Gideon Shalwick:
Well, basically, we just need your video, your video. You can select one of our templates and customize like the colors and your fonts and add your logo and things like that. Essentially, we just need your video and you go through the process and submit your customizations. The cool thing about this is that there’s no software for you to work with. There’s absolutely no software. We don’t want our clients to use any software. Now, we are very particular about that. Because we know that once you start using software, you start fiddling and once you start fiddling, you waste a lot of time, you get frustrated and next thing you know, you start kicking your dog or something like that. We don’t want our customers to kick their dogs. We take that away, that pain, we take that pain completely away. You just give us your video and select our customizations and we take care of the rest. We send you the finished video back within about a day, during business days.

Dane Golden:
Fantastic. Well, thank you,

Gideon Shalwick:
. How can people find you and Splasheo on the Internet?

Gideon Shalwick:
Well, you could just Google Splasheo or go to Splasheo.com. That’s Splash and then E-O at the end, .com, so Splasheo.com. That’ll get you to our homepage and depending on when you’re looking at that, there might be some different offers on there. At the moment, we’ve got a seven day free trial if you want to give it a go. That gives you access to up to four videos that you can submit through the system. Each video credit is worth five minutes, so each of those videos can be up to five minutes long, four of them during the seven day trial period. Welcome to give that a go if it’s still available when you get there.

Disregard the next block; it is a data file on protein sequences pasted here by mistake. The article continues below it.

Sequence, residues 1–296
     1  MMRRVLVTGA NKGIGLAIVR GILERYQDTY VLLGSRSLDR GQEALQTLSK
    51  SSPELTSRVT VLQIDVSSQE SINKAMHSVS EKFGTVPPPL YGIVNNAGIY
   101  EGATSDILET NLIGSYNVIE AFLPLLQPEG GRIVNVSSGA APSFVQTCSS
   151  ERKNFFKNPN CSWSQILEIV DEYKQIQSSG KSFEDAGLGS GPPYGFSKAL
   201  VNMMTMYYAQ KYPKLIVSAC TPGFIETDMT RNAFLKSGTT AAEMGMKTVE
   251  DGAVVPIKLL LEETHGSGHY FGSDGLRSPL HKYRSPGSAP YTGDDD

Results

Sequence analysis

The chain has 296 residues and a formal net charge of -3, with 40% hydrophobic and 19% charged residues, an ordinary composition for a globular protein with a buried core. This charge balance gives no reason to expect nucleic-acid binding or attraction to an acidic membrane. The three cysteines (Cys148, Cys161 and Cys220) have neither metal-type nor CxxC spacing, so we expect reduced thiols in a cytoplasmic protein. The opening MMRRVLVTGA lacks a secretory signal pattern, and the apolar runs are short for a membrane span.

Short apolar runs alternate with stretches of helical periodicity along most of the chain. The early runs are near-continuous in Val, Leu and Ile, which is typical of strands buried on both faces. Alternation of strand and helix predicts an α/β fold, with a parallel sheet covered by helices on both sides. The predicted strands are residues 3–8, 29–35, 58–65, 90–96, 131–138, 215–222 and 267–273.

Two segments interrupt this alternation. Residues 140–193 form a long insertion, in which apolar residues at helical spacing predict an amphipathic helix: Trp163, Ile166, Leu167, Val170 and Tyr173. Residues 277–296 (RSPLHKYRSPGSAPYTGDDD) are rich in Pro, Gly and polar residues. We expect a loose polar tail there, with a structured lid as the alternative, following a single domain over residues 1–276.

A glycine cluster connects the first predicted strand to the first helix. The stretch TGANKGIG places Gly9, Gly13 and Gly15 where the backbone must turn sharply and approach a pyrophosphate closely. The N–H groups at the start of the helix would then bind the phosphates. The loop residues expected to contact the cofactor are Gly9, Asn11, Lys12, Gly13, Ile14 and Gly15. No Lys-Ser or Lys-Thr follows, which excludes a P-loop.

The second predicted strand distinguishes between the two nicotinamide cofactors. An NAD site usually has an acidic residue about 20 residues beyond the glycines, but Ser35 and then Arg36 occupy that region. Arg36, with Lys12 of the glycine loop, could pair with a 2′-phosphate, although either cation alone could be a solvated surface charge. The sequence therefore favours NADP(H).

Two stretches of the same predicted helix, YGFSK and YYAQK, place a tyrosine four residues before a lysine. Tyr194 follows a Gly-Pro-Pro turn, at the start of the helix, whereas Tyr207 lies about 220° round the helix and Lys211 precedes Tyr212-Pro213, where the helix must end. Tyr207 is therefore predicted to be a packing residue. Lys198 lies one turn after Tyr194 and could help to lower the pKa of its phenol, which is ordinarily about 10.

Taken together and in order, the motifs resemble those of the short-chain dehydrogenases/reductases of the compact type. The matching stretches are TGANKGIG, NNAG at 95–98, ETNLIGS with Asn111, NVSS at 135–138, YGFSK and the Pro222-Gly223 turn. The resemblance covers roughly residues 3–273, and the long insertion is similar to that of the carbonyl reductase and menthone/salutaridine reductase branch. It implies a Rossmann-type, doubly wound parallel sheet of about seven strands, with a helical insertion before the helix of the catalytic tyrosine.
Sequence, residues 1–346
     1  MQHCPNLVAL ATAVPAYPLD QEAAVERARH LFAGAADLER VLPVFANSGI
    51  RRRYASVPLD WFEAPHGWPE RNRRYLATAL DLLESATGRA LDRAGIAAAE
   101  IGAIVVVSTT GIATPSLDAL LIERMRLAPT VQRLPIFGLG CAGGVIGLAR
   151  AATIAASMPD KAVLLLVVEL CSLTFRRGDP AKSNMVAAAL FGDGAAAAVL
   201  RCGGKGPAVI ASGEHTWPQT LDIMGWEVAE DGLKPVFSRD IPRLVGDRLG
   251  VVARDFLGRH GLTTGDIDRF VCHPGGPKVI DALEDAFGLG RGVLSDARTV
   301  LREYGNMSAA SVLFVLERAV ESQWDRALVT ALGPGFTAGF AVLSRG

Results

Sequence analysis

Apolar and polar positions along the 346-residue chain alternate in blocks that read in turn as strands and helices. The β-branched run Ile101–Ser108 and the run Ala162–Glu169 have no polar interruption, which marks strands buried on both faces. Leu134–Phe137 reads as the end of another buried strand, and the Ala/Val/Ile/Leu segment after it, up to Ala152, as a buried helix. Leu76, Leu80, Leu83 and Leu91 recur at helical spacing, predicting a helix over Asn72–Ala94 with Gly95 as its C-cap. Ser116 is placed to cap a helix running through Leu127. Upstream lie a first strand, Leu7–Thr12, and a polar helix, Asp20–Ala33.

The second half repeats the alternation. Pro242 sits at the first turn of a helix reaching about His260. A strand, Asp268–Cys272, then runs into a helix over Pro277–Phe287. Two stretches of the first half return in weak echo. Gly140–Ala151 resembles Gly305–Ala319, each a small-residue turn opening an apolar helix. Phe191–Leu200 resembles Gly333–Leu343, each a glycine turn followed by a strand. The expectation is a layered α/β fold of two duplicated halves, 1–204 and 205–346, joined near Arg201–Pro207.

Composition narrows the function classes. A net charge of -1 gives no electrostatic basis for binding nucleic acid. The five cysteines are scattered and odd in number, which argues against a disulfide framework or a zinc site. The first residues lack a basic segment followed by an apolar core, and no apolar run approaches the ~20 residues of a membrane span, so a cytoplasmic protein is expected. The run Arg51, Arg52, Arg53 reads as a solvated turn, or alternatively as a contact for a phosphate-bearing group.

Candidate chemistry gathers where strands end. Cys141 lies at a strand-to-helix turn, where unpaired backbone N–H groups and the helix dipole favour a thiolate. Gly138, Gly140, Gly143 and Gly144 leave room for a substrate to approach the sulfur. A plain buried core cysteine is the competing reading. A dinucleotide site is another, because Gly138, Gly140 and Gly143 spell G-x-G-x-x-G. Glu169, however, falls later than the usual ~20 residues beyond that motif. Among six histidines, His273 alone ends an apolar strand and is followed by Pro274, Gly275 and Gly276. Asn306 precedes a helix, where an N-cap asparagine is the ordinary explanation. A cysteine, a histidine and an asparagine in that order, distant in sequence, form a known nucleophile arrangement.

Dane Golden:
Excellent. Thank you, Gideon Shalwick. You will be able to find this episode by searching for HEY and Gideon Shalwick. That’s G-I-D-E-O-N S-H-A-L-W-I-C-K or Splasheo. My name is Dane Golden and I want to thank you, the listener, for joining us today. HEY.com is about helping you grow your customer community through helpful how-to videos. How do you do this? By sharing your expertise. Because when you share your expertise in a way that helps your customers live their lives better or do their jobs better, you’ll earn their loyalty and their trust and their business. Thanks to our special guest, Gideon Shalwick. Please subscribe to us on your favorite podcast app, and if you like this podcast, please give us a review. If you don’t like this podcast, please keep it to yourself. Also follow HEY.com on YouTube and wherever you watch social video and please follow me on LinkedIn. This podcast is brought to you by our affiliate sponsors, so please check those in the description. That’s enough, and until next week, here’s to helping you help your customers through video.

Get the HEY.com
Video Content Marketing Newsletter

Thanks!

Something went wrong.